Similar to puberty, we experience another process of hormonal change between our reproductive/cycling years and menopause. The transition period between these two life stages is known as perimenopause – a highly symptomatic period for many people. Many symptoms of perimenopause and menopause, including mood issues, sleep disturbance, and fat gain, are part of a hormonal recalibration process of the brain during perimenopause and the first few years of menopause. 

During our reproductive years, the brain gets used to having progesterone and estrogen around. Without it, the nervous system has to reorganize itself and become used to a new physiological normal. Remember what puberty was like? There is a good reason that perimenopause is called second puberty. 

There is more to perimenopause and menopause than estrogen and progesterone. But I’d like to review both of these hormones in more detail to illustrate how a drop-off in these hormones contributes to common symptoms experienced by many people at this phase of life. 


Progesterone calms the brain and nervous system because it converts to a neurosteroid called allopregnanolone (ALLO) that acts like GABA in the brain. This calming effect in the brain helps blunt the effects of stress on the body. Progesterone levels decline steadily during the perimenopause transition, and then rapidly decline with the cessation of menses. Losing progesterone during perimenopause marks the beginning of a lot of change – both in the body and in the brain. For some, this could be the reason for sleep disturbance, migraines, “brain fog”, and a reduced ability to cope with stress. 

The solution: “Eat Less, Exercise Less”. That’s right. Do less – not more, by prioritizing rest and relaxation-based activities, especially leisure walking. This is the best way to support your metabolism and prevent SHMEC from going out of check. 


Estrogen is a hormone that supports a number of functions in the body, including: 

  • Growth (female reproductive tissues, bone, muscle, and others)
  • Energy metabolism in the brain (helps the brain use glucose from our food)
  • Improved insulin sensitivity (allowing us to tolerate food better, especially carbohydrates)
  • Reduces inflammation
  • Helps regulate our circadian rhythm (and the important hormones associated with our sleep/wake cycle)
  • Boosts serotonin, contributing to a sense of happiness and satisfaction

The effects of estrogen on mood are an important one, especially in the context of perimenopause and menopause. When it comes to feeling motivated, energized, and happy, estrogen is a key hormonal player. As estrogen levels decline or stop being produced altogether, the brain needs time to adjust and to function under new hormonal conditions.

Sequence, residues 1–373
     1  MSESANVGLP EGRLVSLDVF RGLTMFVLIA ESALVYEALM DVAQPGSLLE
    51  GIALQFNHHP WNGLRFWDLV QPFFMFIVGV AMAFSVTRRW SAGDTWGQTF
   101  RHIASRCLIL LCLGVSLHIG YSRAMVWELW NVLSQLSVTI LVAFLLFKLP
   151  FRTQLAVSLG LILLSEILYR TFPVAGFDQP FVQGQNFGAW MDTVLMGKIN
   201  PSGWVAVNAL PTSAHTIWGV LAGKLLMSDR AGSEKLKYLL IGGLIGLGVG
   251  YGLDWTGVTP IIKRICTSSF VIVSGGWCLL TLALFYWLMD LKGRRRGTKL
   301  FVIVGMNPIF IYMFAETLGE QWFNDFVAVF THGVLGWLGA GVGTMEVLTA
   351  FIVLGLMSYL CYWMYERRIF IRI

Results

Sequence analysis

The solution here is the same. “Eat less, Exercise less” to get SHMEC in check first. Then, if desired, experiment with other metabolic toggles such as EMEM or “Eat more, exercise more”. As a starting point, this metabolic toggle can help tip the scales toward a balanced, and resilient brain and body, setting the stage for future body change goals. 

Channeling your inner Metabolic Detective

On average, the entire natural perimenopause transition occurs over 4 phases and takes about seven to ten years. Although many symptoms are temporary, this is a long time to suffer from perimenopausal symptoms. And more often than not, physical and psychological symptoms feed into a self-perpetuating cycle. Most (if not all) of my clients feel upset, frustrated, and hopeless about their changing bodies. Naturally, feelings like this lead to coping mechanisms – behaviors and habits that feel good at the moment but ultimately, move people further from their goals and desired behaviors.

Luckily for us, there is an opportunity here to build the healthiest version of ourselves. During this period of change, we can support the metabolism in ways that prevent long-term health risks (especially the ones associated with overweight and obesity) and move us closer to goals. Not further from them.

And it all starts with becoming your own metabolic detective. Navigating this process of change requires flexibility, awareness, a bit of structure, and compassion. Heaps of compassion.

  • The structure: ELEL as a starting point to get SHMEC in check first. Then, experiement with the other toggles according to your goals. EMEM is a great way to build muscle!
  • The flexibility: Your approach to the 4Ms of Metabolism (mindfulness, movement, meals, and metabolics) using SHMEC to guide you. Don’t forget to factor in the 4Ps as well (your unique physiology, psychology, personal preferences and practical circumstances). Together, SHMEC and the 4Ps will help you adjust your approach every step of the way.
  • Awareness: This comes from listening to your body’s biofeedback cues (SHMEC), and adjusting your approach accordingly. 
  • Compassion: Always bring it all back to self-compassion. Be kind to yourself through this transition. Transitions are never easy periods. In many ways, this is a critical window of opportunity to improve our overall sense of wellbeing and prevent larger health problems down the road.

“Perimenopause ends in a kinder and calmer phase of life appropriately called menopause.”

Endocrinology professor, Jerilynn Prior

Photo by Dane Wetton on Unsplash